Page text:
# Circular motion, formula with examples to know.

Circular motion can be defined as the movement of an object while rotating on a circular path. It may be a uniform or nonuniform circular motion.

## What is circular motion?

Circular motion can be defined as the movement of an object while rotating on a circular path. It may be uniform or non-uniform. In a uniform circular motion, a constant angular rate of rotation and constant speed is maintained by the object, whereas in noncircular motion the rate of rotation keeps changing. Further in such a motion the distance between the object moving and the fixed point on the surface remains constant all the time.

### Some examples;

• An artificial satellite orbiting the earth in its specified orbit.
• A moving wheel of a running vehicle.
• The blades in a windmill when in motion.
• A ceiling fan when moving.
• Moving electrons around the nucleus.

An object sets in a circular motion means it has to cover the circumference of a circular path. Thus the basic aspect of this motion is the change of its direction continuously, which is not seen in linear motion. As it changes direction means the change of acceleration by the influence of a centripetal force in the direction of the center of rotation, the force that keeps an object bound to follow a circular path.

### Uniform circular motion;

In such motion, an object traverses a circular path with constant speed but its velocity varies. Velocity is a vector quantity that depends on both speed and direction of travel. Variable velocity indicates the presence of acceleration. Here the acceleration has a constant magnitude which always points towards the center of the rotation and is always perpendicular to the velocity of the object as shown in Image A.

The object complies with repeated trips around the route in the same amount of time every time. Further, as the object is in circular motion its distance from the axis of rotation remains the same at all times. In this motion, the total acceleration of an object moving in a circular path is equal to the radial acceleration. The acceleration of the object in the circular path is called radial acceleration, as it has a certain radius from a central point. It is also known as centripetal acceleration.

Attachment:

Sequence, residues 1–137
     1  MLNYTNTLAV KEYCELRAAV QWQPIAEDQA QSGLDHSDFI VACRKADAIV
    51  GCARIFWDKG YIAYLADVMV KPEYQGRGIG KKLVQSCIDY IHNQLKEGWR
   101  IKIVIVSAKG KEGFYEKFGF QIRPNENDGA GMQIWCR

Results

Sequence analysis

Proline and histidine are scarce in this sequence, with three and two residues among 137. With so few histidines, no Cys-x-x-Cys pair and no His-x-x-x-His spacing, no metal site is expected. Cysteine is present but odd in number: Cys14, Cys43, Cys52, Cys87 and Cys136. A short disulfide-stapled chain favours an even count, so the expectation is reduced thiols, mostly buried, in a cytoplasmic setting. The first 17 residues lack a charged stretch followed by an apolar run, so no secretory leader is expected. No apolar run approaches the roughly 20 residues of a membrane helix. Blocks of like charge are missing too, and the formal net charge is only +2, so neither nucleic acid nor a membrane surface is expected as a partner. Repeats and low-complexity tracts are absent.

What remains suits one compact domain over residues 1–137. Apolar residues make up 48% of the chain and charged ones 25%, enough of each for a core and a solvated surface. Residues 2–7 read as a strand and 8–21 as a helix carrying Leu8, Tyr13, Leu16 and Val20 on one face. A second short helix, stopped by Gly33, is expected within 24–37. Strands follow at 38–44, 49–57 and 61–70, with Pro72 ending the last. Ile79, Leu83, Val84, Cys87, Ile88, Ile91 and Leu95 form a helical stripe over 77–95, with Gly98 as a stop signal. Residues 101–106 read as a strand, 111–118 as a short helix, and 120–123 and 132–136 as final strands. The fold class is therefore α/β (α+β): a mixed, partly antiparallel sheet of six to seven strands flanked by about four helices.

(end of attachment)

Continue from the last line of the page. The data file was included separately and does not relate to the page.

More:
#### Formula;

For motion in a circular path, its radius is R, and the circumference of the circle is C. Now C is represented as 2πr

or C= 2πr.

If the period of one rotation is T, then the angular velocity,ω is

ω=2π/T=2πf=dθ/dt

If the magnitude of the velocity of the object is V, then the radial acceleration of the object can be

It is to mention here that radial acceleration is always perpendicular to the direction of the velocity. SI unit of radial acceleration is m2s-2.

The speed/velocity of the object in a circular motion can be equal to the circumference C of the circle divided by the period(time taken by the object to cover the distance)represented as;

V=C/T=2πr/T=ωr

The angular acceleration α of the particle can be written as,

α=dω/dt

Acceleration is defined as the change in velocity either in magnitude or direction or both. In uniform circular motion α remains zero, and the equation can be

αc=v2/r=ω2r

Radial acceleration becomes greater at high speeds and in sharp curves.

### Nonuniform circular motion;

Nonuniform circular motion is a type of circular motion in which the speed of the object varies without any uniformity. Both the velocity and acceleration of the object in such a motion fluctuate. Since the speed changes, here tangential acceleration along with normal acceleration is experienced and is non-zero. Image B

However additional forces acting on the object are seen due to non-zero tangential acceleration. Unlike uniform circular motion in such cases, acceleration did not change in regular intervals.

#### Some examples;

• A car is struck in a traffic jam on a circular road.
• Roller coaster
• The motion of a vehicle on a vertical circle.
• Windmill.
• Tires of a bicycle.

#### Formula;

In a nonuniform circular motion, additional forces act due to non-zero tangential acceleration along with a centripetal force. However, in spite of the additional forces acting upon the object moving in the circular path, the sum of all the forces can be equal to the centripetal force and the equation is as such;

Fnet=mα=mαr=mv2/r=Fc

So far the acceleration concerned, in such a type of motion has two components like tangential acceleration αT and radial acceleration αR. It is due to the radial component the change of the direction of the velocity happens but the magnitude of the radial acceleration is the same as uniform circular motion. Now the equation is,

αR=v2/r

Where the speed fluctuates, then the tangential component is the cause of the change of magnitude of the velocity of an object. The equation is;

αT=dv/dt

Hence the total acceleration is √(α2r+α2t)=α

## Bottom line;

The circular motion includes both uniform and non-uniform types. The object’s speed in uniform circular motion is constant, whereas in non-uniform type it varies. Further, the tangential acceleration along with normal acceleration is zero in the former type of motion but non-zero in the latter type. In the uniform type of circular motion, the magnitude of centripetal force is always zero but it is non-zero in the non-uniform type, and we experience the above motion in our day-to-day life very often.

• February 27, 2023 at 2:26 pm
Sumit Chandan Bhusan

All are in a systematic way and very easy to understand.

• February 27, 2023 at 11:22 am

Thankyou 👍

• March 1, 2023 at 5:33 am

Nice one 👍

• March 1, 2023 at 7:02 am

Thankyou

• […] of the movement of living organisms is called biomechanics. In biomechanics where the study of circular motion is a top priority. For example, the motion of the human body often involves a curved trajectory […]

• March 25, 2023 at 3:26 am

Thank you very much.